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Chapter One Details
• Chapter One – Introduction
• The introduction chapter has been elaborated by adding
details about Fast Moving Consumer Goods Industry
(FMCG), the growth of FMCG in India till FY2021.
• The Indian FMCG market and its statistical details has also
been added to provide deep insights of the current
scenario in India.
• The details and importance of personal Hygiene care and
strategies adopted by various companies has bee added.
• The elements of socio-economic status have be figured out
by referring various research papers.
• The customer buying behavior concepts has also been
elaborated, reasons for major shifts in consumers
preferences due to COVID Pandemic has also been added.
Chapter Two Details
• Chapter Two – Review of Literature
• In the synopsis submitted there were 36 review of the
previous research studies has been conducted.
• After the new addition in the review of the literature; the
total of 49 review of the previous research studies has
been added in relation to research study.
• Most of the studies were conducted majorly on FMCG
sector no research focused particularly on personal hygiene
care of Fmcg sector.
• Most of the studies focused on demographic factors
towards FMCG sector rarely research studies focused on
socio-economic status.
Objectives of the Study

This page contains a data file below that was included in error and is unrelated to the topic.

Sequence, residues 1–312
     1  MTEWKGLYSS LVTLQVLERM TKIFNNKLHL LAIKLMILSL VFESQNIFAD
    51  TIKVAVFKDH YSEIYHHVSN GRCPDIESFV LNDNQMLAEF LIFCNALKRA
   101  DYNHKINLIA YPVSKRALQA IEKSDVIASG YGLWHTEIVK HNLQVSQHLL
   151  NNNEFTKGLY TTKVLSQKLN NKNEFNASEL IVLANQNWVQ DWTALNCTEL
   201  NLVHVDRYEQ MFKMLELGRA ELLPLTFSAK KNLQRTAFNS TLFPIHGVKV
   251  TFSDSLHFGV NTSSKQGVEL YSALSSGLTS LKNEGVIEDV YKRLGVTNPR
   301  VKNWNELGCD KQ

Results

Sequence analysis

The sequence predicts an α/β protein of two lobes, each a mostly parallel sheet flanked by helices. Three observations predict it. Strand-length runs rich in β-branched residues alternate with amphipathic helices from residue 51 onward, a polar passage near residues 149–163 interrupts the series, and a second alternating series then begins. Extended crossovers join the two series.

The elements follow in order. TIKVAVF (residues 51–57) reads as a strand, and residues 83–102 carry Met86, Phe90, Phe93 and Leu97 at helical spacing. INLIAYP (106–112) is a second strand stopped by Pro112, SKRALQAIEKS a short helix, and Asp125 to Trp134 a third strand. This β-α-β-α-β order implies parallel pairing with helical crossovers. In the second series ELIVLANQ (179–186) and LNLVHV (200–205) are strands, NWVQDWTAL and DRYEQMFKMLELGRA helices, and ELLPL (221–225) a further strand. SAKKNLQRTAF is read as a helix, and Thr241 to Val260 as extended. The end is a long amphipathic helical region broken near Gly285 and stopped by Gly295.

• To identify the factors influencing the buying
behaviour of consumer.
• To study the impact of identified factors on buying
behaviour of consumer.
• To study the impact of socio-economic factors on
buying behaviour of consumer.
• To examine the effect of demographic variables on
buying behaviour of consumer.
Research Methodology
• Research Design - Descriptive research design
• Data Collection The primary source using the standardized questionnaire was used to gather
the information from the respondents.
• Sample Design - The data using non-probability purposive sampling technique was gathered
from 750 respondents, 150 each from the five selected districts(Roopnagar, Mohali, Ludhiana,
Nawanshaher and Jalandhar) who were using the hygiene products and the eligibility for the
participation was that the respondent should be married and they should have at least one child.
• Statistical Tools Used –
 Exploratory Factor Analysis
 Confirmatory Factor Analysis
 Analysis of Variance (ANOVA)